Annals of Indian Academy of Neurology
CILNICAL SIGN
Year
: 2012  |  Volume : 15  |  Issue : 3  |  Page : 175--176

The split hand sign


Rajesh Benny1, Kishore Shetty2,  
1 Department of Neurology, Fortis and MGM Hospitals, Mumbai, Maharashtra, India
2 Department of Neurology, Hiranandani Hospital, Mumbai, Maharashtra, India

Correspondence Address:
Rajesh Benny
MGM Hospital, Sector 3, Vashi, Navi Mumbai, Maharashtra
India

Abstract

Amyotrophic Lateral sclerosis (ALS) is a disease characterized by pure motor asymmetric wasting of various muscles with associated upper motor neuron signs. The split hand sign, which is because of dissociated muscle weakness in the hands (thenar muscles disproportionately wasted as compared to the hypothenar muscles) is a useful clinical sign for bed side diagnosis of ALS.



How to cite this article:
Benny R, Shetty K. The split hand sign.Ann Indian Acad Neurol 2012;15:175-176


How to cite this URL:
Benny R, Shetty K. The split hand sign. Ann Indian Acad Neurol [serial online] 2012 [cited 2021 Oct 26 ];15:175-176
Available from: https://www.annalsofian.org/text.asp?2012/15/3/175/99700


Full Text

 Introduction



Amyotrophic lateral sclerosis (ALS) is a pure motor neurodegenerative disease where there is asymmetric involvement of the upper and lower motor neurons. In the intrinsic muscles of the hands, there is preferential wasting of the abductor pollicis brevis (APB) and first dorsal interosseous muscle (FDI) (thenar muscles) as compared to the abductor digiti minimi (ADM) (hypothenar muscle) [Figure 1] and [Figure 2]. This peculiar pattern of dissociated intrinsic hand muscles was described by Dr Asa Wilbourn in 1996 as 'Split Hand'. [1],[2] The clinical deficit is loss of the pincer grasp.{Figure 1}{Figure 2}

APB, FDI, and ADM are innervated by spinal motor neurons of the same segments (C8 and T1), and FDI and ADM have the same ulnar nerve supply. It is not known why APB and FDI are preferentially affected compared with ADM in those with ALS. Pure motor wasting of the intrinsic hand muscles is seen in the setting of various pathological states affecting the motor neurons [Spinal muscular atrophy (SMA), cervical spondylotic amyotrophy, as a component of peripheral neuropathy, spinocerebellar ataxia type 3 (SCA 3) and even in normal elderly individuals] [3] .

Specificity of the sign

Satoshi Kuwabara et al, and the Tokyo Metropolitan Electrodiagnosis Study Group [4] looked at the specificity of this dissociated muscle wasting and weakness in patients with ALS. The authors examined 77 patients with ALS and compared them with normal controls (n = 171) and disease controls (n = 196). The disease controls had lower motor neuron involvement other than ALS (SMA, bulbospinal muscular atrophy, cervical spondylotic amyotrophy, SCA 3 and peripheral polyneuropathy). The study looked at absolute CMAP amplitudes of APB, FDI and ADM. They also compared the ratios of APB/ADM and FDI/ADM. The authors found that patients with ALS had markedly reduced APB and FDI CMAP amplitudes (thenar involving) with higher ADM amplitudes (hypothenar sparing). APB/ADM and FDI/ADM ratios were therefore the lowest among ALS patients. Reduction in both the APB/ADM and FDI/ADM ratios was seen in 20% of patients of ALS, none of the 171 normal controls and in only 1 (0.5%) of the disease controls. This study demonstrated conclusively that the split hand sign was fairly specific for ALS.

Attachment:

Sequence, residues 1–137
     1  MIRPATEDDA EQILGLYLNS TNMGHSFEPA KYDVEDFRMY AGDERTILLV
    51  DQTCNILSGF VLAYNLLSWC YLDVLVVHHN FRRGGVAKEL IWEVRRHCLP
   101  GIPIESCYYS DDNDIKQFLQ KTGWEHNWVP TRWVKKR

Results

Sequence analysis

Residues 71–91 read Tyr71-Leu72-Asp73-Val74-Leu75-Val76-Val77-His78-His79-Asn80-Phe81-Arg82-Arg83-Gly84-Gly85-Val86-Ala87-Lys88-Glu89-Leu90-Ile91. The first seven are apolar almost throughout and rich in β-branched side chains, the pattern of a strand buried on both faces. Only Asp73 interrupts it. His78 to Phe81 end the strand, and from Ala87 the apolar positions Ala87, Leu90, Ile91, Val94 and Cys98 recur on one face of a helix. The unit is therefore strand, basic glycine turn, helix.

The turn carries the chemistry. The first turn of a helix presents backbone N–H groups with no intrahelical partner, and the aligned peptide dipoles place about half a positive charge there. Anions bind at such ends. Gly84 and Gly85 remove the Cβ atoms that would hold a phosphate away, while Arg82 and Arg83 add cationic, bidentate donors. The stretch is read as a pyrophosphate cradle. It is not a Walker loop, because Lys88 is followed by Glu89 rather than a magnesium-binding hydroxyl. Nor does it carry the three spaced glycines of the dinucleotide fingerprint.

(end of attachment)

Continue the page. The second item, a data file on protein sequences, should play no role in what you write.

Pathophysiology

The exact cause of this preferential muscle involvement in ALS is not known. Both lower motor neuron and cortical dysfunction hypotheses have been postulated. [5],[6] Humans use more of the pincer grasp (involving the APB and FDI muscle). This may place more oxidative stress/metabolic demand on the spinal motor neurons innervating these two muscles. Also, the corticospinal connections to APB and FDI far outnumber those to the ADM. This may result in more glutamate excitotoxicity to the APB and FDI spinal neurons.

However, Schelhaas et al, argued that the presence of this sign in diseases with different pathophysiological mechanisms like autosomal dominant spinal muscular atrophy, juvenile muscular atrophy and SCA 3 weakens the theory of the cortical origin of degeneration in ALS and supports the theory of an intrinsic vulnerability of spinal motor neurons sub serving the thenar complex. [7]

 Conclusion



The presence of the 'split hand sign' should alert the clinician to the possible diagnosis of ALS.

References

1Wilbourn AJ. Electrodiagnostic evaluation of the patient with possible ALS. In: Belsh JM, Schiffman PL, editors. Amyotrophic lateral sclerosis. Armonk, NY: Futura Books; 1996. p. 183.
2Wilbourn AJ. The "split hand syndrome". Muscle Nerve 2000;23:138.
3Eisen A, Kuwabara S. The split hand syndrome in amyotrophic lateral sclerosis. J Neurol Neurosurg Psychiatry 2012;83:399-403.
4Kuwabara S, Sonoo M, Komori T, Shimizu T, Hirashima F, Inaba A, et al. and the Tokyo Metropolitan Electro-diagnosis Study Group. Dissociated small hand muscle atrophy in amyotrophic lateral sclerosis: Frequency, extent & specificity. Muscle Nerve 2008;37:426-30.
5Einsen AA. Comment on the lower motor neuron hypothesis. Muscle Nerve 1993;16:870-1.
6Kuwabara S, Mizobuchi K, Ogawara K, Hattori T. Dissociated small hand muscle involvement in amyotrophic lateral sclerosis detected by motor unit number estimates. Muscle Nerve 1999;22:870-3.
7Schelhaas HJ, van de Warrenburg BP, Kremer HP, Zwarts MJ. The "split hand" phenomenon. Evidence of a spinal origin. Neurology 2003;61:1619-20.